2015 will arguably see the tightest run General Election campaign in living memory. The coalition will go its separate ways and vie for votes from an increasingly divided electorate. The rise of UKIP has put question marks over traditional Tory seats, while the Liberal Democrats will seek to persuade voters on their record in government.
Labour will be seeking to end five years in the political wilderness, with one eye on the SNP and the Greens.
But what will be the result? What will this election change? Will we see a return of the status quo or a radical coalition?
In 2014, 16 year olds were allowed to vote. The Scottish independence referendum caught the Westminster parties off guard and many are calling for 16 year olds to have the vote in UK-wide elections.
Having said this, young people are among the least likely to vote in the UK – this is something which the major parties have been criticised for over recent years, most notably with the rise in tuition fees. Much has been said about how to include young people in politics, with some suggesting that young people see nothing to gain from the political process.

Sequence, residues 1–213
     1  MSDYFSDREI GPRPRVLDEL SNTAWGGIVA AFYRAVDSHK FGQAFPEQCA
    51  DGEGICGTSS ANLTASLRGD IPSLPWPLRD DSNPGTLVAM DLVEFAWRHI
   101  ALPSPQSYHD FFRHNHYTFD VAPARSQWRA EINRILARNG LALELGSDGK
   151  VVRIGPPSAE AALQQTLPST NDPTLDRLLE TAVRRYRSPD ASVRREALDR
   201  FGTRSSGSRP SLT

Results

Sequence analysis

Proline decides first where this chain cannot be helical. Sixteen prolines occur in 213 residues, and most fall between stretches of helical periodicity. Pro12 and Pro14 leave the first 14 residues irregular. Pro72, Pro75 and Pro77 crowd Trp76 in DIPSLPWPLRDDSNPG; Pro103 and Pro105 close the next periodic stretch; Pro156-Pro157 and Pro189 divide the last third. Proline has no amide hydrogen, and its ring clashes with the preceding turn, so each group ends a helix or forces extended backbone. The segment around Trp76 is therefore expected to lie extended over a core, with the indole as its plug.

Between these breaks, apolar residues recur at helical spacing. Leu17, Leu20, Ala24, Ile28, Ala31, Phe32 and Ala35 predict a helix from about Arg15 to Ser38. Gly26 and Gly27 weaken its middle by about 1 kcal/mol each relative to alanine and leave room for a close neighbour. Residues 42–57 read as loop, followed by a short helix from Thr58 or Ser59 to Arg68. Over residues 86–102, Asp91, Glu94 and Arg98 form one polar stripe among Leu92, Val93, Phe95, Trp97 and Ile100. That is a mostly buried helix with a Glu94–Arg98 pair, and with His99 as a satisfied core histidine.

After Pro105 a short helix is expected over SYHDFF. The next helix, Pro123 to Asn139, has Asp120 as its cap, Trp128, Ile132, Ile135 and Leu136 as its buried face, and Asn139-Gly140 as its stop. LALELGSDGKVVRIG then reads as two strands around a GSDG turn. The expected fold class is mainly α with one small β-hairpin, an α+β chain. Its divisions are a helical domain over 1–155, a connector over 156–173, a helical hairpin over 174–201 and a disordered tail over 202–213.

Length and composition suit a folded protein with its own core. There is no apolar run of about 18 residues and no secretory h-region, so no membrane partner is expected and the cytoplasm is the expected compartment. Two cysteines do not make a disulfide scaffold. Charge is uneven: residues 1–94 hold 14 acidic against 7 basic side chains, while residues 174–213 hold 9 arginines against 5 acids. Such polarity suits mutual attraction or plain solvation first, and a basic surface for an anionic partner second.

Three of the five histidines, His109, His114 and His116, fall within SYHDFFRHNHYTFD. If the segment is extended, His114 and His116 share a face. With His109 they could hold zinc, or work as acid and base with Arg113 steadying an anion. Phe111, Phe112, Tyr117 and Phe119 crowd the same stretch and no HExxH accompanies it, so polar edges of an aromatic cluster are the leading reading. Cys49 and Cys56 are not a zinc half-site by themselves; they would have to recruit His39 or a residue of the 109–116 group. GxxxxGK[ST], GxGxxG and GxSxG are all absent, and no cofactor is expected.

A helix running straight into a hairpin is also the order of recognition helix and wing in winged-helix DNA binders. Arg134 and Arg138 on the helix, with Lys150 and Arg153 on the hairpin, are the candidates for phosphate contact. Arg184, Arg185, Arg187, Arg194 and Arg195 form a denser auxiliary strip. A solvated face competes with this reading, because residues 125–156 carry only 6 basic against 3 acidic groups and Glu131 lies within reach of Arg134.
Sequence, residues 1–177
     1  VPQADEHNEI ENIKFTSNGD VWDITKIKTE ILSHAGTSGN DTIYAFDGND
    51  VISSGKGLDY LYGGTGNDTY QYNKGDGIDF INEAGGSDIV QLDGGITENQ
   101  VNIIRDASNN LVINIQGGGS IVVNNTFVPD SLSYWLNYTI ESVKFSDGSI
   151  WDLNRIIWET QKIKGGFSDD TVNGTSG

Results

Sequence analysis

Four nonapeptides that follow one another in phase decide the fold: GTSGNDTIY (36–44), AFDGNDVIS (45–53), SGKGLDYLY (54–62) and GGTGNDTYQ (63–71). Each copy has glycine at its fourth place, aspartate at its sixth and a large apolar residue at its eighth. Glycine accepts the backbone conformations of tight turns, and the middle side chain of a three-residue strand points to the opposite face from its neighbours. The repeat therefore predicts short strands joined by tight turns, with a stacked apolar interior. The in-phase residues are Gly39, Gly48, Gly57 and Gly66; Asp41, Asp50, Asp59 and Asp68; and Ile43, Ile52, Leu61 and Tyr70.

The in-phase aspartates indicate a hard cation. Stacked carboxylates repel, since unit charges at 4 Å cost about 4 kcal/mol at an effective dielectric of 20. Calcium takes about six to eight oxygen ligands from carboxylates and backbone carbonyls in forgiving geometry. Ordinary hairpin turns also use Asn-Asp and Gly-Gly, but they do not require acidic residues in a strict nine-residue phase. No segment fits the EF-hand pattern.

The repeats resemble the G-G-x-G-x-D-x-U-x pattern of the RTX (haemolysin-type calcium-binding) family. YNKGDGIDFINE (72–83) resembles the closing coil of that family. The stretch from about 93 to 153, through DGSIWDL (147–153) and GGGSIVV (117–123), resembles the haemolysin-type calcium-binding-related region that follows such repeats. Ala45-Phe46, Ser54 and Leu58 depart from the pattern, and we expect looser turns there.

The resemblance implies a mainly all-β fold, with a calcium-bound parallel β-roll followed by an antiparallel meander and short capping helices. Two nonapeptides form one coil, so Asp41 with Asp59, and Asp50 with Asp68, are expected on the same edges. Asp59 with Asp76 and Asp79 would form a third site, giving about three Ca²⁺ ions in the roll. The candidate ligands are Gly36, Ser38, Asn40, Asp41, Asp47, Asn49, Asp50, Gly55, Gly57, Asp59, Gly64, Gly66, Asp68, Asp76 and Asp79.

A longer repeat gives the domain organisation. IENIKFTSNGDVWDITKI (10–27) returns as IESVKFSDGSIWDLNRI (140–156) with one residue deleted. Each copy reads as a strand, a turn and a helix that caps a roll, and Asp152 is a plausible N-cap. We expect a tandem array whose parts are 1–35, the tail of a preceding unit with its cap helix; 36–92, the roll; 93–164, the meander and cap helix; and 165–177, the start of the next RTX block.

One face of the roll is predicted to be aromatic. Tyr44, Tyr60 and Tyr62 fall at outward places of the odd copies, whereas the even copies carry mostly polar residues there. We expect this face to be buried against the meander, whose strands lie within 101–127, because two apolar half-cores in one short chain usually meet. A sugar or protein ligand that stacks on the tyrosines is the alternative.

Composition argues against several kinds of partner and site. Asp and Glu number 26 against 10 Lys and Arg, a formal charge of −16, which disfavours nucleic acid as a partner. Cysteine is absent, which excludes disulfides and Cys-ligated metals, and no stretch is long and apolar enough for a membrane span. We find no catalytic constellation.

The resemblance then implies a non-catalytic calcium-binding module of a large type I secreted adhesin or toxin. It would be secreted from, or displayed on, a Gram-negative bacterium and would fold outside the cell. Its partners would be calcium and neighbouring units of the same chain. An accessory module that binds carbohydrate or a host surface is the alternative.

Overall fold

Schemes such as the BBC Generation 2015 are aiming to change this trend and promote young voices ahead of the campaign. They are currently accepting applications from 18-24 year olds to help in their election coverage – from quizzing party leaders to being questioned on Newsnight.
With even seasoned pundits finding it impossible to call the election at this stage, many are suggesting that young people may hold the answer and will significantly affect this election.
We at Pandeia encourage everyone to get their voices out there ahead of the election – you might well be a part of history.
Those interested in applying should visit www.bbc.co.uk/generation2015 Applications close 2 February 2015
The production team can be contacted on twitter @BBCGen2015, or via producer Dave Howard – dave.howard2(AT)bbc.co.uk
Words by Pandeia Editors
Picture by Simon & His Camera